flotsam and jetsam’s michael gilbert

By Jay Oakley


I’m sitting here with Michael from Flotsam and Jetsam. Michael Gilbert, first of all, thank you for taking some time to sit down and chat.

Thank you so much, glad to be here and I appreciate that you guys are interested in The End Of Chaos, the Flotsam release. Thank you very much.

Let’s start with the tour and how it’s going so far.

The tour is going fucking awesome. Attendance has been up and it seems like the hype on this record, since the last record, has been up too. It’s a different level. It seems like the self-titled album was kind of like a re-ignition of Flotsam and Jetsam and hen with this one it’s even stepped up another notch and (Eric) A.K. with what he did vocally, he fucking killed it, man. The guy knocked it out of the park with his choruses, big huge choruses and put us in almost, I wouldn’t say a different genre of metal but it’s putting us in another one as well. We’re a speed metal band but I think it’s also encompassing a little bit of the power metal with it, with what A.K. did, which is cool. So, we did a tour last year with a band called Hammerfall, which I know everybody, knows about, which went over very well for us.

Absolutely and with yourself and A.K. being in it to win it the whole time with Flotsam it really has felt like these last two records have put you on a new level. The fans are excited; the hype, like you said, has risen. What can you say about these last two records that you think really benefited you? Maybe you tried something new; maybe the writing went a bit differently.

The last record, the self-titled with (Jason) Bittner, we were all bringing something to the table. Everybody had 20% in the songwriting stuff where before it was just a couple members that were writing songs and that’s how it has always been for years. But, since the addition of Steve (Conley) and Ken Mary in the band it’s shown that everybody has songwriting techniques to bring to the table and all kinds of tools so that really helps a lot. Plus, Ken’s got a top notch studio at his house, Steve’s got a studio, I’ve got a studio so it always helps. Yeah know, when you’re in the studio and you’re paying for it and you know that you have to go in and one o’clock in the afternoon and sometimes you’re not always feeling it but you still have to lay down tracks. The cool thing about having a home studio is I can wake up in the middle of the night and feel like doing this now and I kind of do that. I rerecord my guitar parts four times or whatever and to the point, everybody’s got tools that they bring to the table as songwriters which is really important.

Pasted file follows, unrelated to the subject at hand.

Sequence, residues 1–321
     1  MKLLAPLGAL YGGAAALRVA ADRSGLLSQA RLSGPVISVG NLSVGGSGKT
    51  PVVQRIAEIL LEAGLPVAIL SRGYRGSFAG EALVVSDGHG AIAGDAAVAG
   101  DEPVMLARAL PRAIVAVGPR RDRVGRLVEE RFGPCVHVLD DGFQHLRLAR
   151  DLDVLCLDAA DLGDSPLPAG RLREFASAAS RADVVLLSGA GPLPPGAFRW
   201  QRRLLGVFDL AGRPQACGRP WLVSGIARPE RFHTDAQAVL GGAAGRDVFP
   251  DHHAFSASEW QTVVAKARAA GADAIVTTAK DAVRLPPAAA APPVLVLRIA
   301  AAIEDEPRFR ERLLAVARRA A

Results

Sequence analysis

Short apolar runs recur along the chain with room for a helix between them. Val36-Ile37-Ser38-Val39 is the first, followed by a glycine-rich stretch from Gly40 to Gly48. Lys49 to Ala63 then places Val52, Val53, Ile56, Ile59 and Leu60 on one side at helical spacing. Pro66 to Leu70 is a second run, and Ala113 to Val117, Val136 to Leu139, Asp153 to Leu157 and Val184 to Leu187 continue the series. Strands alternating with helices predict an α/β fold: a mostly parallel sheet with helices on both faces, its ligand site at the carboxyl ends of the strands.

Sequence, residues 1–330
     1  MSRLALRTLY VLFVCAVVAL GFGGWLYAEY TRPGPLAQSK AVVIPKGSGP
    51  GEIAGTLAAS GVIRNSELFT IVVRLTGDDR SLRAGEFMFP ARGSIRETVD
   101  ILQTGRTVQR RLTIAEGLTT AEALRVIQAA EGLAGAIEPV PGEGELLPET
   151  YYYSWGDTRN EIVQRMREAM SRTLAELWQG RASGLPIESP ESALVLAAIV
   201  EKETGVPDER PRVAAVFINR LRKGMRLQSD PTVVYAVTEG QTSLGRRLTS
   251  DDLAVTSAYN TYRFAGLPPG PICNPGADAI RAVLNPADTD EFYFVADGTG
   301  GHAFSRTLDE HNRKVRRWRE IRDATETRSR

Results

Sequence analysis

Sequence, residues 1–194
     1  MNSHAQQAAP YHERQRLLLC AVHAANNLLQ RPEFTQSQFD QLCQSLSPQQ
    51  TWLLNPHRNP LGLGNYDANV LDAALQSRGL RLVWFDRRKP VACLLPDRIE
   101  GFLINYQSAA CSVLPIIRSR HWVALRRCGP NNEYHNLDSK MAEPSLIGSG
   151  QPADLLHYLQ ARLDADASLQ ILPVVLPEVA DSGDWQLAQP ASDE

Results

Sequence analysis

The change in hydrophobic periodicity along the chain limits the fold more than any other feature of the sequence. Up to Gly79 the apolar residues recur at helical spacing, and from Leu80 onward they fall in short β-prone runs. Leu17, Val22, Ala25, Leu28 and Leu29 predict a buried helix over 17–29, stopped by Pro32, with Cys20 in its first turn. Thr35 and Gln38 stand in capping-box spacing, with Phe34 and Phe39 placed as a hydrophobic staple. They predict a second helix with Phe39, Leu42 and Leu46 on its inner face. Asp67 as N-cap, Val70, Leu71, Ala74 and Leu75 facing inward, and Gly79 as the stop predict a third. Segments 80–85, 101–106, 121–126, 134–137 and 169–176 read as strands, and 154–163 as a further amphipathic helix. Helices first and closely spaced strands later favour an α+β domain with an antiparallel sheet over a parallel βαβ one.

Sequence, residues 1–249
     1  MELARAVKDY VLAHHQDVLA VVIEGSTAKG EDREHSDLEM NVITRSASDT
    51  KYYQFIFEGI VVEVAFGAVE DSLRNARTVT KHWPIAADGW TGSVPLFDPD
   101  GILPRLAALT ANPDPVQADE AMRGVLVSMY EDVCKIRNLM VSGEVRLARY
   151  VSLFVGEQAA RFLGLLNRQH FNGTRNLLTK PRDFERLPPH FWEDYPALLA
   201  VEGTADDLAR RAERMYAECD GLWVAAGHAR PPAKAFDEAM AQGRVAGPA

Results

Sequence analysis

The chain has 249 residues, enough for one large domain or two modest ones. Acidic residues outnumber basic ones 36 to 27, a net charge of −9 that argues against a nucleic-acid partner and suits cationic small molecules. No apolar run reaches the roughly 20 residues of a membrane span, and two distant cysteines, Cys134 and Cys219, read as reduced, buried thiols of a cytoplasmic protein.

When it comes to the songwriting, how would you describe the process in Flotsam, even with various lineups? Of course, I imagine you and A.K. have the most creative control but have you always been open to it being a family affair with multiple members having input, not that that you would shut down anyone’s individual ideas but have you always been down to hear everything?

Yeah, somewhat. Usually the riffs respond from either me or Steve writing it. We submit it but before any of that even gets down we have a general template that we’ll use. We’ll throw some phony drums on there just to get a vibe out of what we’re going for as far as if it’s a slower, more dramatic song or even an upbeat, fast song. So, the past members had different ideas about that and they would take one of your ideas and change it around and then you’re kind of like, “Ehh, it’s not what I’m envisioning anymore.” So, if it’s a collaboration that sticks to what the idea is, I think it’s great. Everybody’s got to be on the same page for the song to work otherwise it’s going to turn into a piece of shit; it’s just going to be lost. It’ll never make it on a record.

When it comes to the history of Flotsam, what would you attribute the longevity to? From day one to day present, what would you credit? Comradery in writing, hitting the road, the fan base, I know everything has its part to play but talk about your longevity and success.